JD(U) to work for formation of Third force: Sharad Yadav
Janata Dal(United), which walked out of NDA last year, on Sunday said it will strive for formation of a "Third force" though there are "internal contradictions" that act as a hindrance in bringing all non-Congress non-BJP parties together.
New Delhi: Janata Dal(United), which walked out of NDA last year, on Sunday said it will strive for formation of a "Third force" though there are "internal contradictions" that act as a hindrance in bringing all non-Congress non-BJP parties together.
The JD(U) also slammed its erstwhile ally BJP for "breaking the Opposition unity" against UPA and ruled out any truck with Congress in the next Lok Sabha polls.
In an interview, party President Sharad Yadav scotched speculation of JD(U) aligning with the BJP again after the Lok Sabha polls, saying the parting of ways happened on ideological issues and there is ?no question? of their joining hands again.
The JD(U), which seems to be waging a lonely battle in Bihar after walking out of NDA, is confident that despite internal contradictions a "Third force" will emerge after the next Lok Sabha polls of which the party said will be a key part.
Yadav admitted that there are "internal contradictions" that act as a hindrance in bringing all non-Congress, non-BJP parties together but at the same time cited examples of their coming together to form governments in the past.
Stating that JD(U), Samajwadi Party and JD(S) have already come together, he said that talks are on with other parties to enlist their support.
"There is a big political force in the country minus BJP and Congress. There is a need to bring that in social debate. The strength of non-BJP, non-Congress Opposition is not less.
"If the country has to be put on right track,?this Third force is required," he said.
Yadav`s party colleague and Bihar Chief Minister Nitish Kumar yesterday said efforts to form a new "block" of parties opposed to the BJP and the Congress is all set to gain momentum with a meeting of leaders in Delhi on February 5.
Talking about the difficulties in bringing all regional non-Congress, non BJP parties together, he admitted, "Yes there are some internal?contradictions in states.
Left and Mamata cannot go together in West Bengal, SP and BSP in Uttar Pradesh or DMK and AIADMK in Tamil Nadu."
"But the experience of last 65 years shows that while there is internal contradiction, there is also a broad agreement on crucial issues."
The same parties had come together when we organized Bharat Bandh on issues like ?price hike thrice, he added.
"We are trying to find a way and to begin with JD (U), Samajwadi Party and?Janata Dal(Secular) have come together. More parties will join. We are trying and confident that it will happen."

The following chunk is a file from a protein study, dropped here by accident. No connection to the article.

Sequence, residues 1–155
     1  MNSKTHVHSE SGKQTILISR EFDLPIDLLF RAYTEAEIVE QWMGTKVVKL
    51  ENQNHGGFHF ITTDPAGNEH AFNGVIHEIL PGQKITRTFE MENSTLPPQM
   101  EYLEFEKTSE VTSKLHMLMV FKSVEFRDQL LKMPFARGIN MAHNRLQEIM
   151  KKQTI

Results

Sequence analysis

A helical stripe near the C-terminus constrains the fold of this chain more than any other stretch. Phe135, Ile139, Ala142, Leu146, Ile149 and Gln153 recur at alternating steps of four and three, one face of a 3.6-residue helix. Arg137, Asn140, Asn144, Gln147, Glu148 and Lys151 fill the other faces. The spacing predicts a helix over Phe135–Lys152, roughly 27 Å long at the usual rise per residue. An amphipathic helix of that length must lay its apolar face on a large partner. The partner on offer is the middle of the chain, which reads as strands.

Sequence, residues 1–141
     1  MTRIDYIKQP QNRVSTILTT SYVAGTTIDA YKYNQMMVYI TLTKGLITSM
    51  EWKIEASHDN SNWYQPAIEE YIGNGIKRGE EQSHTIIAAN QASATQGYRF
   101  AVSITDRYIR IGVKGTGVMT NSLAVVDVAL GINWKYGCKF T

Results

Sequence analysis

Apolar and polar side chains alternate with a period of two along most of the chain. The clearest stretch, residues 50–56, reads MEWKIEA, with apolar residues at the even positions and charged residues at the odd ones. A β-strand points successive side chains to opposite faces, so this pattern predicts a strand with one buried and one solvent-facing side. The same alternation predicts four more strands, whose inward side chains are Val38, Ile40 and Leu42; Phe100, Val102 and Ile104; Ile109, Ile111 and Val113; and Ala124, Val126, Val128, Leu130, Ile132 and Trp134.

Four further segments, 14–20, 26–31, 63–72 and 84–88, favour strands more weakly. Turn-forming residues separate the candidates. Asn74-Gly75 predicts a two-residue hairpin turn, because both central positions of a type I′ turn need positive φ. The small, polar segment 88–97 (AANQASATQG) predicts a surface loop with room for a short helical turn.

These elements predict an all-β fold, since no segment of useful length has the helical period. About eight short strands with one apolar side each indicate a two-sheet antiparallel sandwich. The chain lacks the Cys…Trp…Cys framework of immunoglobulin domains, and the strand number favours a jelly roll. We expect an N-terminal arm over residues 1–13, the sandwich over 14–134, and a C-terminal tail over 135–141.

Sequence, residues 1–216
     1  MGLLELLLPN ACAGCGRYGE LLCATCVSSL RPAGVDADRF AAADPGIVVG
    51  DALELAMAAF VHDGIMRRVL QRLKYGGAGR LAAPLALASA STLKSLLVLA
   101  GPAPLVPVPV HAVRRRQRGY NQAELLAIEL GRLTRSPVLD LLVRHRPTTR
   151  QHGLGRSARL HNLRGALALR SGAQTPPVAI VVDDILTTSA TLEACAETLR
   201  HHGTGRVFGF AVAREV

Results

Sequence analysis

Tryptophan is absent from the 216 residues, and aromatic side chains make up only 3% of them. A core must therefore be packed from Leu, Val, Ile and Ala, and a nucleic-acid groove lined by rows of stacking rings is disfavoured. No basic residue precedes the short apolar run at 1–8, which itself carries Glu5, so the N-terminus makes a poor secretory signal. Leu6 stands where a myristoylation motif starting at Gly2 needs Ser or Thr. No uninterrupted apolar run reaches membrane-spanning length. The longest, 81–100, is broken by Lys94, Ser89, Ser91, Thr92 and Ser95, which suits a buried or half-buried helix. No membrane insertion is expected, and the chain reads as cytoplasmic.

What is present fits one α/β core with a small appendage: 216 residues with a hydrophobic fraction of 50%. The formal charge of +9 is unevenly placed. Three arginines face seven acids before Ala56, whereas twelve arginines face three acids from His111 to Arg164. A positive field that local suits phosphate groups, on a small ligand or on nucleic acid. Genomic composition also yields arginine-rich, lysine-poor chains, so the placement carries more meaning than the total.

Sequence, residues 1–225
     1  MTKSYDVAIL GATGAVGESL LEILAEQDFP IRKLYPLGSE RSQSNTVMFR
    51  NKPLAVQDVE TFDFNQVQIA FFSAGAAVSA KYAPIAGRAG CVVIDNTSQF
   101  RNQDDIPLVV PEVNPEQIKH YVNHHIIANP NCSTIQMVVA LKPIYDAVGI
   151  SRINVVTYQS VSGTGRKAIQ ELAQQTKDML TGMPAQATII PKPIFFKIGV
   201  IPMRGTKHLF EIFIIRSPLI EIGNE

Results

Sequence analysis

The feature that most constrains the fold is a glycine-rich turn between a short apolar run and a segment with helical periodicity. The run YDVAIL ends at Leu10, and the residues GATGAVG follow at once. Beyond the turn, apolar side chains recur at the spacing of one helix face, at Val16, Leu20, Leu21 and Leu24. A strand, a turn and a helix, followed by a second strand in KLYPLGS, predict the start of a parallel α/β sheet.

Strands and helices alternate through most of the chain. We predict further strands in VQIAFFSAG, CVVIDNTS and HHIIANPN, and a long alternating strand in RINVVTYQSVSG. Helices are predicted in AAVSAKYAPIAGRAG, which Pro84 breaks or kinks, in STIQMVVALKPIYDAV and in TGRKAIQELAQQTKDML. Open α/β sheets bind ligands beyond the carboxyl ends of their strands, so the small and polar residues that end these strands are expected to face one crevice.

"People do come together despite inherent contradictions," Yadav said, adding that his party strongly believes that "an umbrella alliance of non-Congress and non-BJP parties" is the need of the hour in the given scenario.
"Yes there are contradictions but we formed a government in 1977 (Janata Party government), 1989 ( VP Singh-led National Front government) and in 1996 (H D Deve Gowda and I K Gujaral led Third Front Governments).
Despite the problems with the continuance of these governments, we did good work," Yadav said.
Yadav also cited the initiative taken by Left parties leading to a convention of communalism and attended by 17 parties including AIADMK, BJD and AGP--the parties which the BJP has been eyeing for support.
He said that there was "no wave for BJP" in the country when asked whether he sees a Narendra Modi wave.
JD(U) had walked out of NDA in June last year opposing the elevation of Modi in BJP, who was finally declared the main Opposition party`s Prime Ministerial candidate.
Yadav, who was the convener of NDA before the BJP-JDU alliance snapped last year, rejected as "far fetched and baseless" the speculation that JD (U) will finally join hands with the BJP after the Lok Sabha polls.
"This is absolutely wrong. We separated on principles. Our alliance was with the BJP as per a national agenda arrived during Vajpayee ji`s time. When they decided to shift away from that national agenda, we parted our ways.
Now the question does not arise of joining hands with them after we parted ways on basic principles.
Such talks are rumour and have absolutely no base," the JD(U) President said.
Accusing the BJP of "breaking the Opposition unity", Yadav vehemently denied the speculation that his party could again shake hands with the BJP after the Lok Sabha polls.
"BJP ruptured the complete Opposition unity that was built assiduously against the misrule of UPA. They spoilt that wave."
Yadav also alleged that BJP believed in dividing society.
"According to them the nation belongs only to the majority community," he added.
On the other side is Congress, which ruled the country for ten years and one after another corruption scandal happened.
"Both are not in the interest of the country and people will see it.
So Third Force will always remain relevant," he said.